I came back from church, and all that was on my mind was the pastor’s message about how God qualifies the unqualified. I can’t explain how I connected it to our relationship, but God told me Adeile was overthinking the whole thing and needed me to tell him everything would be okay. I’d just reached my gate when I pulled out my Nokia and called him to deliver God’s message.

Adeile: I cried that night because the peace of God just settled in my heart when I heard her voice speak those words.

How did the wedding go?

Adeile: It ended up being much bigger than I’d planned without me needing to spend too much outside my pocket. 

Yemisi: We used an open field for the reception, and it was packed.

Adeile: I was scared because I knew the quantity of food I’d paid for, and there was no way it would feed the number of people I saw that day. But Yemisi just squeezed my arm and told me, “Relax. Everything will take care of itself. We’ve done our best”.

Yemisi: Na marry we marry. That doesn’t mean we have to feed the whole of Ibadan.

Adeile: People came through, brought their coolers of food and drinks — even people who’d never moved a finger to help us. At least, they supported us in their own little way at our wedding ceremony, and that one too isn’t bad.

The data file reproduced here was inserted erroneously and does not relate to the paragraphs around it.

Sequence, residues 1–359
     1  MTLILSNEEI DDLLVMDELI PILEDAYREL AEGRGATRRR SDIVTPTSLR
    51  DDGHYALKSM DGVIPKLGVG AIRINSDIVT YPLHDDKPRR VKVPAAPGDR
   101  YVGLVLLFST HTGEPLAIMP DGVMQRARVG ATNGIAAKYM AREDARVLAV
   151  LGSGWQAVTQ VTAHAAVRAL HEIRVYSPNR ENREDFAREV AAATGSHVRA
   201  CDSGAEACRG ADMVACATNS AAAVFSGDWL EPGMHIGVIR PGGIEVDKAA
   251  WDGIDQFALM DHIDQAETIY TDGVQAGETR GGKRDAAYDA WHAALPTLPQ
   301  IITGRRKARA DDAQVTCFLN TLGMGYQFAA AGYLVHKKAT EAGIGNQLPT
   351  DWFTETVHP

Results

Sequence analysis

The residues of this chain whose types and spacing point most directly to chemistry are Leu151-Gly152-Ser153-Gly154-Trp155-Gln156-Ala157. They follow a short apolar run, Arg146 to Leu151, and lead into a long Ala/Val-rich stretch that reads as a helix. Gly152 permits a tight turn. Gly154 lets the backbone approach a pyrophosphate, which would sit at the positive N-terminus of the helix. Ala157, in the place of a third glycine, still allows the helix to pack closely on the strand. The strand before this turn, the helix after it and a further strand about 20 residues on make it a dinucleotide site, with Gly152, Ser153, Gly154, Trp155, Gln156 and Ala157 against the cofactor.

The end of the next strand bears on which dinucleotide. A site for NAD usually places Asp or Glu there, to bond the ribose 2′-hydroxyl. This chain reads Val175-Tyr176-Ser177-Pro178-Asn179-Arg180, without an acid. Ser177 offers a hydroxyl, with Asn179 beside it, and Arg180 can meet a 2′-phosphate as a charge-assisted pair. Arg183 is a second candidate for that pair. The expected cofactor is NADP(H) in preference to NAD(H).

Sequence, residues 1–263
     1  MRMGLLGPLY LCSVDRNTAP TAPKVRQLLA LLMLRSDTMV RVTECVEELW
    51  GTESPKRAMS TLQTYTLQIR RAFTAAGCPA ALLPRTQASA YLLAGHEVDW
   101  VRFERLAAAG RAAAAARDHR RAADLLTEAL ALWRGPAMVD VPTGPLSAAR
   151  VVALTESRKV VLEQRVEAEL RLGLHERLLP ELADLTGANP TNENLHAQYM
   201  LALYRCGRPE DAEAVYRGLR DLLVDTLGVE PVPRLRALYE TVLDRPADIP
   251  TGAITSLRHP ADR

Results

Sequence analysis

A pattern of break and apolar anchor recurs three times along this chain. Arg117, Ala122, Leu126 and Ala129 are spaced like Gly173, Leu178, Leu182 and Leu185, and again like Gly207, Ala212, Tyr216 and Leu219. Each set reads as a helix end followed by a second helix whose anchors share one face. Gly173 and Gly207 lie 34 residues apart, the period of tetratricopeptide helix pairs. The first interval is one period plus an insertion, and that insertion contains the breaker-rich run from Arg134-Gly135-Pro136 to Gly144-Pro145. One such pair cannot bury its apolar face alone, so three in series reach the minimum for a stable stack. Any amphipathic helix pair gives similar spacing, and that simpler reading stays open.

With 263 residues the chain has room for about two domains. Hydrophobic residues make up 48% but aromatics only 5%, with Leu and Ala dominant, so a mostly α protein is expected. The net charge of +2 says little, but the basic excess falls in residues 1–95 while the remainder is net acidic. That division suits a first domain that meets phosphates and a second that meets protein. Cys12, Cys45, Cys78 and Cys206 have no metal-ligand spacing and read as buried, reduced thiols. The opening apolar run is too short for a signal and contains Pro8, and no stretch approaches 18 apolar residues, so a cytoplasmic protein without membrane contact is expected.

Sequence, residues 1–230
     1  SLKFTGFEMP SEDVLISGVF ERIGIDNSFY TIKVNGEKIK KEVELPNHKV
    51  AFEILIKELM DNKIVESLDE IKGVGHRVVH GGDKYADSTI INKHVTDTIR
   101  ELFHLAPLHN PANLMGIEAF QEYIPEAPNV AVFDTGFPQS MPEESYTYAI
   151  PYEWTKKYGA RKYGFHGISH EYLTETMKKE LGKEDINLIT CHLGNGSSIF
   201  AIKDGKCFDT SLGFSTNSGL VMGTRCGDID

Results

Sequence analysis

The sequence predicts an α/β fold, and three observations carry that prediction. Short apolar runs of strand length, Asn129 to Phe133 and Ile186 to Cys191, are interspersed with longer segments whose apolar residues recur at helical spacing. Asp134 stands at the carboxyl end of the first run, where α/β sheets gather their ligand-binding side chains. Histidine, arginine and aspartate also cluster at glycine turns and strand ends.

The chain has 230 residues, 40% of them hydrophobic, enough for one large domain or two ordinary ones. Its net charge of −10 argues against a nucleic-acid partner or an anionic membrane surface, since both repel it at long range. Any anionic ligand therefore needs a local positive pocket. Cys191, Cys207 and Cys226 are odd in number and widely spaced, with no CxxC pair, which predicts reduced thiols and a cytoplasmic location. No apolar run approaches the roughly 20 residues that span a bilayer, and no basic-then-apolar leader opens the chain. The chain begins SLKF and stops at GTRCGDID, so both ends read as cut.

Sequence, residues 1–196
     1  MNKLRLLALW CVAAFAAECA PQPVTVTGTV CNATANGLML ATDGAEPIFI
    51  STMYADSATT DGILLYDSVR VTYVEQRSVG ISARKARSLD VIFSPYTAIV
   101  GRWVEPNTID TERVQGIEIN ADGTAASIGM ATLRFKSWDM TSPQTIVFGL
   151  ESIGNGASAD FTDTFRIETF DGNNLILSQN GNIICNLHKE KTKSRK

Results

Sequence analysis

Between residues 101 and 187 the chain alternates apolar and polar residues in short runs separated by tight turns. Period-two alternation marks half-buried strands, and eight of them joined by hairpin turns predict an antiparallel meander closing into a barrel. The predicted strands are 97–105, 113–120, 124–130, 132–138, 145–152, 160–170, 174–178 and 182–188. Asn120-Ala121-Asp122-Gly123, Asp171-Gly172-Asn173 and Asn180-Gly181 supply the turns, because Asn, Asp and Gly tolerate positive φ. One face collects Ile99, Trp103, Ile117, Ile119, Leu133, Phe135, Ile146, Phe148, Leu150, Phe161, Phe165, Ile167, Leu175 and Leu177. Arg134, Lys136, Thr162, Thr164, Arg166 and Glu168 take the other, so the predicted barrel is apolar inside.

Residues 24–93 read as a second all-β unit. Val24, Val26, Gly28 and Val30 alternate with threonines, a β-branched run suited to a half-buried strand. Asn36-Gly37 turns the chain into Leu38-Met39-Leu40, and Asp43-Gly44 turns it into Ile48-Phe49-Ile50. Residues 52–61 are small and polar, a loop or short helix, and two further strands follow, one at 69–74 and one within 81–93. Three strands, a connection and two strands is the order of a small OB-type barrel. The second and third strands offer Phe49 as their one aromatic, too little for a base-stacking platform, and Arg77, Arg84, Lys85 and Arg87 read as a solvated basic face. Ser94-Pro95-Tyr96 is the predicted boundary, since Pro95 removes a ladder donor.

They tried

Adeile: It is well.

After the wedding, we moved into a bigger, better mini-flat than the one I was living in. And in a friendlier side of town. I was happy I could at least do that much for us.

Yemisi: Today, we’re happy, we’re doing our best, and we have two beautiful kids to show for it.

Adeile: When Nigeria tries to put us down with no money, too much work, frustrated plans, stagnancy, Yemisi always reminds me how we met, how laughter brought us together, and it never ceases to make us laugh again. She always knows how to put a smile on my face.

Yemisi: Even our kids have inherited our laughing spirit. They’re both very cheerful, outgoing children, and that makes our home a happy one, even when times are hard. Sometimes, when there’s no electricity for days, we can’t put on TV, all our phones are long dead, we entertain ourselves with gist and jokes.

Have you had any major fights?

Adeile: Of course, we’re not perfect. 

A few months into our relationship, sometime in 2014, I was still figuring out finances, looking for better opportunities everywhere, and there was a business that required me to move to a different city for some time.

Yemisi: Yes, and I was teaching here in Ibadan. I didn’t want him gone. I felt very attached to him already.